But without a bid price, does Bitcoin have a derivative value? No.
Gold by comparison can always be used for jewelry because it does not tarnish or diminish over time. Even diamonds diminish over time, gold does not. Also, gold has industrial applications and uses.
To ram home my point about “value”, or “store of value”, diamonds have been a really good store of value over the last 60 plus years. Diamonds are small, portable, and sellable in most parts of the civilized world. Looking back at the Bitcoin chart above, diamonds have never lost 50% of their value in six months.
I remain suspect of the claim that Bitcoin is a store of value. Also, “stores of value” are not prone to intense speculation devolving into feverish bubbles. Stores of value are relatively boring.
Beyond the hype and getting back to our original question. What is Bitcoin?
Crypto stalwart Tyler Winklevoss, co-founder, and chief executive officer of Gemini Trust Co., took to Twitter to assure his 1 million followers.
Hmm? Let’s move on.
Bitcoin is a limited issue token trading between owners with the record of the transaction recorded in a distributed ledger. Bitcoin is more a token than currency or a store of value.
The good news of Bitcoin is that the token trades clean in a robust two-way market. The 50% drop in Bitcoin’s price was very orderly which speaks volumes for the holders and exchange market makers trading the crypto. I am a veteran of the 1987, 1989, 2000, 2008, and 2020 stock market crashes. I am well versed in market disorder in the heat of panic and chaos. Bitcoin performed exceedingly well in its selloff.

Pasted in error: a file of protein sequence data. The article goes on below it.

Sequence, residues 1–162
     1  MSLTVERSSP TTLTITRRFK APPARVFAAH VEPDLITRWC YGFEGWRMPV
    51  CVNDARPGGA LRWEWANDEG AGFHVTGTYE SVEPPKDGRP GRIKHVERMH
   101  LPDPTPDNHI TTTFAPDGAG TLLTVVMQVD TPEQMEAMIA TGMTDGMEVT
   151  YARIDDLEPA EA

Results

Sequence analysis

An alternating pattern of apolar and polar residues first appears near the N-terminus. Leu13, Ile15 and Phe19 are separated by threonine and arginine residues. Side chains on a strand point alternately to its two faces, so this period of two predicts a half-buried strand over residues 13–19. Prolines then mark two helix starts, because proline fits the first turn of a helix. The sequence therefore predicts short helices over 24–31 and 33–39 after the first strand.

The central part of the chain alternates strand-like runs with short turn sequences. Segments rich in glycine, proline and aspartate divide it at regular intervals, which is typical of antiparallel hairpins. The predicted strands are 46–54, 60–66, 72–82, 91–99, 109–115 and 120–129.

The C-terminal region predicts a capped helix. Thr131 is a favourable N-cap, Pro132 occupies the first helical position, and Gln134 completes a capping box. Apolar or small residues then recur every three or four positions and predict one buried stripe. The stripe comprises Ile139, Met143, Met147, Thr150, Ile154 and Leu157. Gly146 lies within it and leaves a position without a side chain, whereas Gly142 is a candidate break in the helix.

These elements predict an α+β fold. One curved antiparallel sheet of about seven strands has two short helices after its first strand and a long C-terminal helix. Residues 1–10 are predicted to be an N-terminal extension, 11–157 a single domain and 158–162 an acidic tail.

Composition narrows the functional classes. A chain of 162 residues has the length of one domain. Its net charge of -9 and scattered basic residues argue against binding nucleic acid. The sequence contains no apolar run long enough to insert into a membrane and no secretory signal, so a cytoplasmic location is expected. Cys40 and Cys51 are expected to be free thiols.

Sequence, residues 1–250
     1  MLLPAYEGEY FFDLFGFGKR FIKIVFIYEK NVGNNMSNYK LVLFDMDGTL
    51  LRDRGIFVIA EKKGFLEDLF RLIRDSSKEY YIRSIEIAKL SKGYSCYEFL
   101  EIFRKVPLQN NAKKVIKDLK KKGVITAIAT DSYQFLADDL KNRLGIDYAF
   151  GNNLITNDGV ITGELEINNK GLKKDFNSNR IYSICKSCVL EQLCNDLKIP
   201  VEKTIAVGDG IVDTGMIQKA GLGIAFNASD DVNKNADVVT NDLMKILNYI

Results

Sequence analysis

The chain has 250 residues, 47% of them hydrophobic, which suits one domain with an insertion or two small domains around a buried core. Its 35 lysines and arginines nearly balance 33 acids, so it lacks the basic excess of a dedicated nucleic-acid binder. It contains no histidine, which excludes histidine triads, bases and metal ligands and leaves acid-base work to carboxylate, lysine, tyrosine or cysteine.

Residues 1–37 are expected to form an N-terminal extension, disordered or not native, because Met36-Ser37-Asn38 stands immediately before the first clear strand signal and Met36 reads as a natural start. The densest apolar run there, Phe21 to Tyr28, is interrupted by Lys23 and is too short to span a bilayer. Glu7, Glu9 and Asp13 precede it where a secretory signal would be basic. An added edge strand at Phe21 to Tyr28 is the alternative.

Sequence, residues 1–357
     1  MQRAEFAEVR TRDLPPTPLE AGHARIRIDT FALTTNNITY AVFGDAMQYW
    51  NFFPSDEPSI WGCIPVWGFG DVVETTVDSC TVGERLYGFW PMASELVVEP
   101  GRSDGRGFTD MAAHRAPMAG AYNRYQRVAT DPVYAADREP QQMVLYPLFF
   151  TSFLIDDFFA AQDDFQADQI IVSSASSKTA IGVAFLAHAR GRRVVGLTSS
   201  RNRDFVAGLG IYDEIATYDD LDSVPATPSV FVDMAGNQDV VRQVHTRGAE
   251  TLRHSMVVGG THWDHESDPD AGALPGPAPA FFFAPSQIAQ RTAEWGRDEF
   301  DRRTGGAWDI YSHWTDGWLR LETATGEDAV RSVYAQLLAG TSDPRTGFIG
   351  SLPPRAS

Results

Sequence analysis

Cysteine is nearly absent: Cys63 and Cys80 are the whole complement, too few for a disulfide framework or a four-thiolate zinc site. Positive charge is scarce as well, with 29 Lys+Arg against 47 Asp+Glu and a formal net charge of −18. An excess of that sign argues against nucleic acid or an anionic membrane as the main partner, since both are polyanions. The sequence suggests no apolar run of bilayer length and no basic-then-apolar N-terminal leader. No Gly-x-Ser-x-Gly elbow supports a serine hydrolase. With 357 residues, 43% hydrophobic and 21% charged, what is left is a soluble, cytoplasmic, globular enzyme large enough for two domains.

The economist Tyler Cowen said it well in a recent Bloomberg article, “This lack of correlation between major disasters and the decline in crypto prices could prove to be good news for crypto in the longer run. For one thing, it shows crypto prices can fall sharply and suddenly without inducing a more general contagion. And while some blockchains have been slow to process transactions, overall the crypto world has taken this major shock in stride.”
Bitcoin now trades in a legitimate two-way market, trading cyclically not like a hockey stick. Please be wary of the “buy and hold” and the “buying the dip” nonsense offered everywhere on the internet and social media. That advice is fool’s gold in your moment of desperation. Please take a moment to read through my posts on Bitcoin on September 16, 2021, October 10, 2021, and November 26, 2021. At the time, I simply read the crowd price action of Bitcoin, nothing else.